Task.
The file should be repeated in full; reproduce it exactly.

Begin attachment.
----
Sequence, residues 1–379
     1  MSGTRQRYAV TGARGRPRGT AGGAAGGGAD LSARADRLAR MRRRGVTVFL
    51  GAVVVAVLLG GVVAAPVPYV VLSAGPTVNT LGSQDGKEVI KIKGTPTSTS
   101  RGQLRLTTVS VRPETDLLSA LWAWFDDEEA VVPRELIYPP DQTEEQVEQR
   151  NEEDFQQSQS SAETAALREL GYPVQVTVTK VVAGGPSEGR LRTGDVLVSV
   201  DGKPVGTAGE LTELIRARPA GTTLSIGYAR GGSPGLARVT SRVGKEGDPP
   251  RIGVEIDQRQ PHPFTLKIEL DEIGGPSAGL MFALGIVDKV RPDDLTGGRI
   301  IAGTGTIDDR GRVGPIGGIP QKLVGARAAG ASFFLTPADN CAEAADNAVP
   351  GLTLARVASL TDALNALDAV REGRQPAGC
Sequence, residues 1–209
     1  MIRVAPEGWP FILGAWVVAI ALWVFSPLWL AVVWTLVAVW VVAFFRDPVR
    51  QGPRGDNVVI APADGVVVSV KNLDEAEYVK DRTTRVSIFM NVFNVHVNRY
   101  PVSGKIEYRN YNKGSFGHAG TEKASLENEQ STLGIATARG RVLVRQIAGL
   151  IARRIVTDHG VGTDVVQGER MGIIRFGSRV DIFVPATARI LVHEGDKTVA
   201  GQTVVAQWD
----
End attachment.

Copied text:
Sequence, residues 1–379
     1  MSGTRQRYAV TGARGRPRGT AGGAAGGGAD LSARADRLAR MRRRGVTVFL
    51  GAVVVAVLLG GVVAAPVPYV VLSAGPTVNT LGSQDGKEVI KIKGTPTSTS
   101  RGQLRLTTVS VRPETDLLSA LWAWFDDEEA VVPRELIYPP DQTEEQVEQR
   151  NEEDFQQSQS SAETAALREL GYPVQVTVTK VVAGGPSEGR LRTGDVLVSV
   201  DGKPVGTAGE LTELIRARPA GTTLSIGYAR GGSPGLARVT SRVGKEGDPP
   251  RIGVEIDQRQ PHPFTLKIEL DEIGGPSAGL MFALGIVDKV RPDDLTGGRI
   301  IAGTGTIDDR GRVGPIGGIP QKLVGARAAG ASFFLTPADN CAEAADNAVP
   351  GLTLARVASL TDALNALDAV REGRQPAGC
Sequence, residues 1–209
     1  MIRVAPEGWP FILGAWVVAI ALWVFSPLWL AVVWTLVAVW VVAFFRDPVR
    51  QGPRGDNVVI APADGVVVSV KNLDEAEYVK DRTTRVSIFM NVFNVHVNRY
   101  PVSGKIEYRN YNKGSFGHAG TEKASLENEQ STLGIATARG RVLVRQIAGL
   151  IARRIVTDHG VGTDVVQGER MGIIRFGSRV DIFVPATARI LVHEGDKTVA
   201  GQTVVAQWD